Talking to children about Cancer (or any other terminal illness)

This is a topic that has haunted me since I heard in 2017 that not only did I have breast cancer, but that I’m incurable.  Having a terminal illness puts many things into perspective; however, the diagnosis does not come with a road map.  Rather like parenting … I remember that horrible feeling of astonishment and being overwhelmed when we were permitted to take our newborn baby home from the hospital, knowing nothing!

That feeling of free falling without a parachute or plan has become a bit familiar to my husband and I when it comes to parenting.   We’ve learned to trust our guts, to do research and talk to whomever will talk to us, but then we’ve gotten good at making a decision that seems best for our family and not looking back.  This is a function of how we both do life and it has worked well for us.

So, when we were faced with a terminal diagnosis and the quandary of what to tell and to whom, we have pretty much applied our tried and true method.  At first, we were extremely reticent and didn’t say much to anyone and we’ve worked our way into what works for us.  We’re still refining that process, but here’s a few things we’ve learned along the way about talking to the boys …

  1. Be Honest.  We haven’t hidden from the boys that I’m sick.  We’ve had to talk to them about being gentle and not running away from me since I can’t move very quickly.  The boys know something is going on and we didn’t want to hide things from them. Certainly we haven’t told them everything, but they know enough to know that if I’m having a bad day and I can’t be active with them, it’s not their fault.
  2. Be Genuine.  The boys are aware that I have limitations and I explain them as best I can to them.  After I had leg surgery, I was in a wheelchair, then I used a walker and then a cane.  I couldn’t climb stairs for a while either.  My eldest still talks about how the doctors needed to “fix my run” so that I could play with him.  He understands my limitations in terms of how that affects him, absolutely developmentally normal.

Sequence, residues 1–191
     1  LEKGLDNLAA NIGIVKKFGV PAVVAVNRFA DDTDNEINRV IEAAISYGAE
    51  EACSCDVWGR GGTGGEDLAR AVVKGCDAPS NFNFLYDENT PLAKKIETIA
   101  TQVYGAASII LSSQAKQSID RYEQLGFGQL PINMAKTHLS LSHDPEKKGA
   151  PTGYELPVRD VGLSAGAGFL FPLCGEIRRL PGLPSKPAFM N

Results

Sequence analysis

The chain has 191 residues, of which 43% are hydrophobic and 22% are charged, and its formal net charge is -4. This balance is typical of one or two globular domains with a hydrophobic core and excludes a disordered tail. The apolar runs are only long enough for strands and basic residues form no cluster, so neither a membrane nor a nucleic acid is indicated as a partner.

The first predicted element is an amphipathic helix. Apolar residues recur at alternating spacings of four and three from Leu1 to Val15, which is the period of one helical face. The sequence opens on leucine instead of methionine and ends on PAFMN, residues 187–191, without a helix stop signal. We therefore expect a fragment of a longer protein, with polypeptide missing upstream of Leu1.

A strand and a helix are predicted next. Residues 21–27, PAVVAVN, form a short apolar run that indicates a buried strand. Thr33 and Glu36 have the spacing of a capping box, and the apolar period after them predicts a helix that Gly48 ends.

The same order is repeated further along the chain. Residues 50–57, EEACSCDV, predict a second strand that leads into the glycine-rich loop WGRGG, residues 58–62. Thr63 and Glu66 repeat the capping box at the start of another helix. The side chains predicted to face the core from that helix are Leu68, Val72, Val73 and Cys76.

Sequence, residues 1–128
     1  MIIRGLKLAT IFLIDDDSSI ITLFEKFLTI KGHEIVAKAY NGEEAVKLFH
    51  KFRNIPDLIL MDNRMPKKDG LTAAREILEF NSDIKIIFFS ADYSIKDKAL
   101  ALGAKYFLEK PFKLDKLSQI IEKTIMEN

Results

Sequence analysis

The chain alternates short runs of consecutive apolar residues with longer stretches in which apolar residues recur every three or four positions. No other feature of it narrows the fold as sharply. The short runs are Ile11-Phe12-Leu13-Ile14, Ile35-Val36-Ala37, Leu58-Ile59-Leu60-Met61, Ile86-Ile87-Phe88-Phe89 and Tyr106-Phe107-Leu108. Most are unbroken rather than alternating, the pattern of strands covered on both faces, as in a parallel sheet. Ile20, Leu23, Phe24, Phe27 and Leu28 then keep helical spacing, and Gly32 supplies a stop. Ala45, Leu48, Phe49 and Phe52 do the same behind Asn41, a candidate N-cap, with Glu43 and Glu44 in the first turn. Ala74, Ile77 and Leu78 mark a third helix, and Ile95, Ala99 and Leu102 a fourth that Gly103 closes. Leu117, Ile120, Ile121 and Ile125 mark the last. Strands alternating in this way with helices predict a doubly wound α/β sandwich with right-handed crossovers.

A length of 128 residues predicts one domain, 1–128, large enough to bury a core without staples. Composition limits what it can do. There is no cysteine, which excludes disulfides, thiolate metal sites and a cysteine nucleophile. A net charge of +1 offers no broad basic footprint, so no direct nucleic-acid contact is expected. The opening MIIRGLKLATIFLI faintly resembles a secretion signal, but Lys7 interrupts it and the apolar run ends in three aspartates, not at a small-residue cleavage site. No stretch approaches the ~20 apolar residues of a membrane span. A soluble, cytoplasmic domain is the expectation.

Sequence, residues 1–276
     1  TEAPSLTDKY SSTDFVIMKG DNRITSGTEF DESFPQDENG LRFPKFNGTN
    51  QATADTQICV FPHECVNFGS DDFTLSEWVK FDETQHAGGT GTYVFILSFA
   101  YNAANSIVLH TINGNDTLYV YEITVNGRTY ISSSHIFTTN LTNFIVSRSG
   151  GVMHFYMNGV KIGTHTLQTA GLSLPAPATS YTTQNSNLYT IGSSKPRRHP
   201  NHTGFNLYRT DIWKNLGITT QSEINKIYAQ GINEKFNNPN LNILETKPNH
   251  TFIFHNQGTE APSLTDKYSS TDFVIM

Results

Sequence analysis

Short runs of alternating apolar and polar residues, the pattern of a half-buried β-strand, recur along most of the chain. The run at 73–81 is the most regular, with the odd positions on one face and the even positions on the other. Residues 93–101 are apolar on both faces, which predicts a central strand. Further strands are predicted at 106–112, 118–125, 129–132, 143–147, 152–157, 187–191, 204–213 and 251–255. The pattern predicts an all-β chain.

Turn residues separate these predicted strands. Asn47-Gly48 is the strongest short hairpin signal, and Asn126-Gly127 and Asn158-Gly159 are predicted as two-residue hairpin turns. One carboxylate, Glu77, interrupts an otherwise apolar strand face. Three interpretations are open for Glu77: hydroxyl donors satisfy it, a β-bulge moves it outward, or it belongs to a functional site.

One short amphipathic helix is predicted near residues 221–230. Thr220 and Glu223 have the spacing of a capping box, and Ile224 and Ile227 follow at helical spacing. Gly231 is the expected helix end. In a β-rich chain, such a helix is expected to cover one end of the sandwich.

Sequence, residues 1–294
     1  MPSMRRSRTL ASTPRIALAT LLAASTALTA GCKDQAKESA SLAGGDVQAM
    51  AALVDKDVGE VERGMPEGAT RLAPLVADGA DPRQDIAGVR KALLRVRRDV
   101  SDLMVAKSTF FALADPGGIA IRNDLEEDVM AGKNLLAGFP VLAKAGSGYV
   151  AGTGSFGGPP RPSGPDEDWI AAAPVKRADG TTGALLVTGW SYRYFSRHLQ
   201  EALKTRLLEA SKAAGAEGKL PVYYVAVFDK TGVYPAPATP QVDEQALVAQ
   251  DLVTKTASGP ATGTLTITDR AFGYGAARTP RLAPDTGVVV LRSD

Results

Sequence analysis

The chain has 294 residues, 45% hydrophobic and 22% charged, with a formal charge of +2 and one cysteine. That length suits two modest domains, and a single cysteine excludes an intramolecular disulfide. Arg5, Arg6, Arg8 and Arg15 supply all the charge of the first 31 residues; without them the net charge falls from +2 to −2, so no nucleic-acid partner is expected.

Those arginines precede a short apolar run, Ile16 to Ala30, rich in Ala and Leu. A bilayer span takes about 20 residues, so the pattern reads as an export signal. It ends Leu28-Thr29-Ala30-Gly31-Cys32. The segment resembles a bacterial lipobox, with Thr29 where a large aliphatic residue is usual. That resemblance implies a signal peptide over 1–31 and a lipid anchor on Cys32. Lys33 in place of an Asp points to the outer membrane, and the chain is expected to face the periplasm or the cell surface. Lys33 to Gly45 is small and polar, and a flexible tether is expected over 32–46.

3. Embrace Fun.  When I knew that I was going to lose my hair, I’d read that it would be best to shave the hair off when my scalp started hurting.  Since all the little hairs were also incredibly annoying as they fell out and got everywhere, it was a relief to get rid of it.  We told the boys that I was going to shave my head and they participated in the exercise.  Both my husband and my dad also shaved their heads.  Since it was hot and my wigs were itchy, I simply went bald.  The boys had a great time rubbing my head and then my stubble as the hair grew back.
  4. Be Open. Every time I go into the hospital and can’t come home for a few days, I know it worries the boys.  They are too young to talk about their fears, so we try to name what we can think of and speak to them.  We particularly like the “feeling buddies” from Conscious Discipline and would encourage anyone wanting to talk to their children about feelings to check it out.

The boys are so young right now that it is hard to imagine having more in depth conversations with them.  We will keep going at this the best way we know how, by researching, being present with the boys, and continuing to explore how best to support them through this amazing life together as a family, even with the storm cloud of a terminal illness hanging over our heads.

6 thoughts on “Talking to children about Cancer (or any other terminal illness)

  1. Great article! I wish there were “Feeling Buddies” for adults to manage my friends, sister and parents. This is a tough journey with no road map but your insights lend guidance for some parts along the way. 🙂

    Liked by 3 people

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